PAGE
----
In my blog post “How to Perform A Background Check on Your Canadian Financial Advisor” I provide a link to the National Registration Database (NRD). If an Advisor's name appears in the database it means they are licensed with either the Investment Industry Regulatory Organization of Canada (IIROC), the Mutual Fund Dealers Association (MFDA) or a Provincial Securities Commission (such as the Ontario Securities Commission). If their name does not appear in the NRD, and they advertise that they offer ‘Investments’ and ‘RRSPs and TFSAs’ (for example), chances are they are an Insurance Agent.
Alternatively, you could simply ask: “Are you able to offer me investment solutions other than ‘insurance investment products – such as stock, ETFs or Mutual Funds?”
Failing this - feel free to send us an email at firstname.lastname@example.org and we would be happy to assist.
Many professional Financial Advisors are ‘dually licensed’. This means they can offer both advice on Insurance and Investments such as Stocks, Exchange Traded Funds and Mutual Funds. Having a Financial Advisor who is licensed to offer Investments and Insurance separately increases the chance of receiving advice that is at minimum suitable, and ideally in your best interests.
Who are Seg Funds for?
Because of their high management fees, the primary consideration for buying Segregated Funds is to take advantage of their insurance features. Market outperformance should not be expectation. Some of those who these funds might be ‘suitable’ for include;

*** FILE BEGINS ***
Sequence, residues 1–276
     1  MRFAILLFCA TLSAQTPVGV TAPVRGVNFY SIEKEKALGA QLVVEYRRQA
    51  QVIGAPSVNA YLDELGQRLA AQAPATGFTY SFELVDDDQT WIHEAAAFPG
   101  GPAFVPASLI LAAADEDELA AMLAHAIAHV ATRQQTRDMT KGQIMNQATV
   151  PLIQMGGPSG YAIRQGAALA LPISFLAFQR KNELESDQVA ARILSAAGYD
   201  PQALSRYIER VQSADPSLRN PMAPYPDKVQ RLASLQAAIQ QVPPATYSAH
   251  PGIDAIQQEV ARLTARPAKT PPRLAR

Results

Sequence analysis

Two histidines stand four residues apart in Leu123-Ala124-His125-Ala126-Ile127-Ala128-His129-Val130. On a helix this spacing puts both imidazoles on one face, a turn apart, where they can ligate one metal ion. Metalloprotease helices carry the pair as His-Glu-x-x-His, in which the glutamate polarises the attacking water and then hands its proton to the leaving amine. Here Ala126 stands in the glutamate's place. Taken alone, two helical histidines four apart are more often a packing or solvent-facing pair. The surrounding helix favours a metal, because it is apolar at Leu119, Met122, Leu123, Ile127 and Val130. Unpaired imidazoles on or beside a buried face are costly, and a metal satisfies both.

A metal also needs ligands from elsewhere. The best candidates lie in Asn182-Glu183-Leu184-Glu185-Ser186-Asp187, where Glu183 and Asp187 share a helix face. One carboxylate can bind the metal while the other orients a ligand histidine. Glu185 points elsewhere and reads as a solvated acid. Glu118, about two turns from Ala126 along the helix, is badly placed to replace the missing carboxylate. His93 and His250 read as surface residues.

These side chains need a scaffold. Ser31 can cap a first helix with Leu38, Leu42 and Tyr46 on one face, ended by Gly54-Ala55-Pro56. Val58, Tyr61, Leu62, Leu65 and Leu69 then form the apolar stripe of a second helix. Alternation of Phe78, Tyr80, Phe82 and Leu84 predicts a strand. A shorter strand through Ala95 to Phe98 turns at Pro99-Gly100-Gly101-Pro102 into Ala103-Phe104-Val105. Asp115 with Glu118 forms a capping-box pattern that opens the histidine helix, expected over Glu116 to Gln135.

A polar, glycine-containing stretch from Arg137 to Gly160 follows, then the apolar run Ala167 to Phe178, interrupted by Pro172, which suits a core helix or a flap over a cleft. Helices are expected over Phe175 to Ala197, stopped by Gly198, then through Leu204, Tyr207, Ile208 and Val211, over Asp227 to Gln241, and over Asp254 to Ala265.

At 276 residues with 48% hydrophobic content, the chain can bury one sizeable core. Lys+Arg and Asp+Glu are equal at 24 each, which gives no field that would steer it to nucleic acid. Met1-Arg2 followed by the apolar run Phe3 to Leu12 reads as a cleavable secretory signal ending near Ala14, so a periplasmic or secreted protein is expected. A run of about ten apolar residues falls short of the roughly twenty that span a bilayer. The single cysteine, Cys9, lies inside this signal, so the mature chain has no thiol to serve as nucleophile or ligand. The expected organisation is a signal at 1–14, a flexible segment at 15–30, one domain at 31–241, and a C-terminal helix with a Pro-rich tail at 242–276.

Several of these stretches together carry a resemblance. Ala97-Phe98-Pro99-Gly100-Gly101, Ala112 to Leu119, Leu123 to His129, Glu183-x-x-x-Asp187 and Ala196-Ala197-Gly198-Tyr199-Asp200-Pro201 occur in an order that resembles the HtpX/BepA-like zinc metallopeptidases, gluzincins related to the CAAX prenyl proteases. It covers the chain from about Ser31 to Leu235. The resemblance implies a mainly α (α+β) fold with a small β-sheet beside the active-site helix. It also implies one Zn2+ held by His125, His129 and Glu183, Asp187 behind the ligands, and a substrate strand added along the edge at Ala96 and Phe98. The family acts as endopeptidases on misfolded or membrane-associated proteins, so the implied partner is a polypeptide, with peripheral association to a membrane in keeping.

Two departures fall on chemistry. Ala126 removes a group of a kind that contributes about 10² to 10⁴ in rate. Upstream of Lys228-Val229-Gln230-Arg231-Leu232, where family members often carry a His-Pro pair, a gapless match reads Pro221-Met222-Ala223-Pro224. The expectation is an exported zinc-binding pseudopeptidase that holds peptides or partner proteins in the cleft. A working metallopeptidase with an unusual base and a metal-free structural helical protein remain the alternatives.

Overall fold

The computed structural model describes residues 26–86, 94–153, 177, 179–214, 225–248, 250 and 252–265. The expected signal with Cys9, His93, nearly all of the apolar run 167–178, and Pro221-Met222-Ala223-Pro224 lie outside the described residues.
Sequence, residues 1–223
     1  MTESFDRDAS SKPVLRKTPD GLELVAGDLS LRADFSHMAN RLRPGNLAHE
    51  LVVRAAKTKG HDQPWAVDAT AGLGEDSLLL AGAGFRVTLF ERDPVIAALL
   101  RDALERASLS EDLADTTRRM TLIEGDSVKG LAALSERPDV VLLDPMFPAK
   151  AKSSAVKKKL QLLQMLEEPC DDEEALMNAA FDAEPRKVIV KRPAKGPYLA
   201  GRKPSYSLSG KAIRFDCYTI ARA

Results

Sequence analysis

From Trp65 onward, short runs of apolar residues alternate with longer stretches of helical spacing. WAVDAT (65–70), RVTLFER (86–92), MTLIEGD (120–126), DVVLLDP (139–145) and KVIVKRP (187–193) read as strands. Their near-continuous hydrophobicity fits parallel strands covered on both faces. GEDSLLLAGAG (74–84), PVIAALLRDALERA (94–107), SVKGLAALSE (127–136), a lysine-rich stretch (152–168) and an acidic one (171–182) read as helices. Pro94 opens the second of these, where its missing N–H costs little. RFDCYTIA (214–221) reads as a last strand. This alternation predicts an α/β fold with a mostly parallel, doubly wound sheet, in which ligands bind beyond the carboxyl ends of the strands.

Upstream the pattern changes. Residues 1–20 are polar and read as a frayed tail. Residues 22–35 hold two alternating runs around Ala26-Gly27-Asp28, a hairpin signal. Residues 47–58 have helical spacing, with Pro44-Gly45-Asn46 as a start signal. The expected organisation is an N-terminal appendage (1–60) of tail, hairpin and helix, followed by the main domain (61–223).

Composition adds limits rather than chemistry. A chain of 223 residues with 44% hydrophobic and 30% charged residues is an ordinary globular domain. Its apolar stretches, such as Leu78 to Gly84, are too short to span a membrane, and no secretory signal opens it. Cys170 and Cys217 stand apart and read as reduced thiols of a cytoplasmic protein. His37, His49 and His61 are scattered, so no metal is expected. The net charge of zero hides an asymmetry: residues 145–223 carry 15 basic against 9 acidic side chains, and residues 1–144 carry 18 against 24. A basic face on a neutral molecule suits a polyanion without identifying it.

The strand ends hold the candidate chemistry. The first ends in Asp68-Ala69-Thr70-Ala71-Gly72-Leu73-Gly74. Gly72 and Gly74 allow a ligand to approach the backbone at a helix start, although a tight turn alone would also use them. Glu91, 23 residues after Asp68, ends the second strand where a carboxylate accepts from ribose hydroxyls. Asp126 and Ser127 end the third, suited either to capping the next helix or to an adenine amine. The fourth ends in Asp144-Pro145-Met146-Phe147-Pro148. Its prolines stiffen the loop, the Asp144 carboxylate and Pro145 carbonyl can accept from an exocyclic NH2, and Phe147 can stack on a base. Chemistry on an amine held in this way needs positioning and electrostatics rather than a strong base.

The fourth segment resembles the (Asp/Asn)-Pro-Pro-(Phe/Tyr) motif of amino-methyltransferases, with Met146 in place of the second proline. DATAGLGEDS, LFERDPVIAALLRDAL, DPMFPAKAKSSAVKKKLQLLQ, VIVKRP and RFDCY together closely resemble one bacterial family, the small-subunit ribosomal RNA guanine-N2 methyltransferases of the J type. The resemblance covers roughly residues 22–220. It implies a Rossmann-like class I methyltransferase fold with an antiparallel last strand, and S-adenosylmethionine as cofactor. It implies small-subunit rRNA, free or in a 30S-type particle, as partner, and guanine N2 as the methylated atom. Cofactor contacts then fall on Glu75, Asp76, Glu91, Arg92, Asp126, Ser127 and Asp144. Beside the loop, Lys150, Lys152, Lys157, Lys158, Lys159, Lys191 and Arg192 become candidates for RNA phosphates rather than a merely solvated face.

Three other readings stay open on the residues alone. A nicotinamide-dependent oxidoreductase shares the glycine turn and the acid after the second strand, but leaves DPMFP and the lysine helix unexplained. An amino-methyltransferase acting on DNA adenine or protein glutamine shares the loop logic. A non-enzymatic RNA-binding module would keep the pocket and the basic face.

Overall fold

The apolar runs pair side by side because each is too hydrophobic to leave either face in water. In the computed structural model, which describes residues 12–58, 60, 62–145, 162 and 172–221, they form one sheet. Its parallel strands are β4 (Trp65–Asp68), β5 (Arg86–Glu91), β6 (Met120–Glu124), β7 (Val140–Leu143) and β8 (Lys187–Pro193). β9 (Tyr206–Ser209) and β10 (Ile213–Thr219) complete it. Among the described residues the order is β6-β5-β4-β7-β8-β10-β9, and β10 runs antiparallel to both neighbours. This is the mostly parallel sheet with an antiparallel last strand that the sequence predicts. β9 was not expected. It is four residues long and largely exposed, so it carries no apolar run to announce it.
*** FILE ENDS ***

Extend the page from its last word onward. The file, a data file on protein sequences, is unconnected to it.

· Entrepreneurs and business people who want to protect assets from creditors.
· Individuals worried about long term stock market volatility. (GICs may be a suitable alternative).
· Elderly investors who want to avoid probate tax and pass their inheritance on to their heirs quickly.
Protecting You and Your Family
In the same way plumbers aren’t permitted to rewire your house, Insurance Brokers shouldn’t be permitted to provide Investment Advice. I don’t know a single fully licenced Professional Advisor who would disagree with this statement. Unfortunately, Canadian regulators have chosen to favour powerful financial institutions and ignore this vitally important consumer protection issue. The Canadian Financial services industry is replete with riff raff salespeople - until regulators address this situation they can only be seen as puppets acting in the interests of large financial institutions.
Locating an advisor who is most likely to serve your best interests should begin by eliminating the over 35,000 Insurance Brokers who work under the cover of the Financial Advisor title. If you’re looking for comprehensive, Professional Financial Planning, Investment and Insurance Advice, feel free to contact one of the member Advisors profiled here on SeekAdvisor.
Danny MacKay is the founder of SeekAdvisor, a former Bay Street Executive and Industry Insider turned Investor Advocate. If you have any questions or comments about this article please feel free to reach out - email@example.com